Archive for March, 2009

I did enjoy this outage notice from tupalo.com :

200903282051.jpg

I’ve started using a new email client – Postbox :

Find everything from anywhere, really fast.
Postbox works behind the scenes to catalog everything in your email. We mean everything: every bit of text, every contact, address and link. Every picture, document and attachment. It’s all in the catalog and it’s all searchable.

Just click the Images tab to see a thumbnail gallery of every picture from every message, or the Attachments tab to browse through documents, files and more. And since Postbox does all of its cataloging on your own computer, the privacy and confidentiality of your email information is preserved.

[From Welcome to Postbox]

I ran into one problem early on – I was unable to import my secure certificates for my email account – but quickly found the answer here – on their support pages.

So far – one extremely impressive piece of software.

If this is correct (and I have not verified it so far – as I do not have a VISA card) then we may have a serious problem.

More Banking Stupidity: Phished by Visa

Not content with destroying the world’s economies, the banking industry is also bent on ruining us individually, it seems. Take a look at Verified By Visa. Allegedly this protects cardholders – by training them to expect a process in which there’s absolutely no way to know whether you are being phished or not. Even more astonishing is that this seen as a benefit!

Frame inline displays the VbV authentication page in
the merchant’s main window with the merchant’s
header. Therefore, VbV is seen as a natural part of the
purchase process. It is recommended that the top
frame include the merchant’s standard branding in a
short and concise manner and keep the cardholder
within the same look and feel of the checkout process.

Or, in other words

Please ensure that there is absolutely no way for your customer to know whether we are showing the form or you are. In fact, please train your customer to give their “Verified by Visa” password to anyone who asks for it.

Craziness. But it gets better – obviously not everyone is pre-enrolled in this stupid scheme, so they also allow for enrolment using the same inline scheme. Now the phishers have the opportunity to also get information that will allow them to identify themselves to the bank as you. Yes, Visa have provided a very nicely tailored and packaged identity theft scheme. But, best of all, rather like Chip and PIN, they push all blame for their failures on to the customer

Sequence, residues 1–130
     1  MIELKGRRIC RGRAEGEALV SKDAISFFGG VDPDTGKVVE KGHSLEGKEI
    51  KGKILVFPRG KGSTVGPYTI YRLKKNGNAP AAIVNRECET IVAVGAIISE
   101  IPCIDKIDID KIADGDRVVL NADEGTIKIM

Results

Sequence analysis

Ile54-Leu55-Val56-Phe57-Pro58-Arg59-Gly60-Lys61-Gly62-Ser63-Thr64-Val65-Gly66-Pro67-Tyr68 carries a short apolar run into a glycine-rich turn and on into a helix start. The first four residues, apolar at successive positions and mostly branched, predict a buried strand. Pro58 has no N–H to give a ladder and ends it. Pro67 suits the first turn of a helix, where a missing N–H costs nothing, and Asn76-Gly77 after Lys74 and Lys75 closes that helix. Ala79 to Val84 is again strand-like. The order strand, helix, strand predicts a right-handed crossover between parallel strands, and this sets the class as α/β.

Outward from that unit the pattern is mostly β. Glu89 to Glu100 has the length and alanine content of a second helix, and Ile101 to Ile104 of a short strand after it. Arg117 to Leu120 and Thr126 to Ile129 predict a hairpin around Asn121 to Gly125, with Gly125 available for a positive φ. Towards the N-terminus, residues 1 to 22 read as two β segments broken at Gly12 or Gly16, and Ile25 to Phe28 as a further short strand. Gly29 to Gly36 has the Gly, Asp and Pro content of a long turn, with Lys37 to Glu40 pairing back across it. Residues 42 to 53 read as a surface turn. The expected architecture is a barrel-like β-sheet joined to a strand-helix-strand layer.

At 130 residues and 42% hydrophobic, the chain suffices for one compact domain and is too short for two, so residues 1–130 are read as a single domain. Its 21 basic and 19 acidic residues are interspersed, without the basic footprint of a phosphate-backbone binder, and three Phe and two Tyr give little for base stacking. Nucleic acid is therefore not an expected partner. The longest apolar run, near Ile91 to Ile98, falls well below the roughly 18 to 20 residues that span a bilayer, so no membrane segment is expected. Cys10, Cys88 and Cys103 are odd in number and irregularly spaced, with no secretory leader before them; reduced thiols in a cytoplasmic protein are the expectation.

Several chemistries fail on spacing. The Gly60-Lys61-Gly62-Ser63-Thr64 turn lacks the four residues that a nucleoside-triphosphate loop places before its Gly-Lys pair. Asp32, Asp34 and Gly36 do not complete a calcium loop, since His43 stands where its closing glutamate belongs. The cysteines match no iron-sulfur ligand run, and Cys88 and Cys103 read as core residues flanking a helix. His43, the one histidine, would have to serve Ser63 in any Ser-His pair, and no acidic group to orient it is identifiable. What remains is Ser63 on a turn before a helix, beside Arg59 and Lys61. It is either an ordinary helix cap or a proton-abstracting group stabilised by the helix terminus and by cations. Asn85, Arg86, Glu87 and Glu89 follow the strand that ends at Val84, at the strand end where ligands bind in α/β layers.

Verified by Visa helps protect you from fraudulent claims from cardholders – that they didn’t take part in, or authorise, a payment. Once you are up and running with Verified by Visa, you are no longer liable for chargebacks of this nature.

In other words, if the phisher uses your Verified by Visa password, then it’s going to be your fault – obviously the only way they could know it is if you told them! If you claim it was not you, then you are guilty of fraud; it says so, right there.

[From Links » More Banking Stupidity: Phished by Visa]

I’ve just come back form a (work arranged) trip to Uganda – more about that in separate blog postings – and spent a couple of nights in this hotel :

Hotel Brovad guarantees your stay in Masaka to be a uniquely pleasant experience.The hotel has 125 comfortable rooms offering a variety of accommodation, all with full en suite bathrooms, DSTV, video and 24 hour room service. There is a well equipped conference and business centre with secretarial and fax services.

[From Hotel Brovad, Masaka, Uganda]

The first picture of of course of the hotel itself – notice the night guards hut on the right

PICT0236

And then look closely at the guard – he is seriously armed, indicating that security is good.

PICT0241

This seems like something worth going to take part in :


From technologies like PGP and Tor to the arguments that will convince people – friends and family as well as media and politicians – to watch out for their digital rights, this event is your anti-surveillance 101.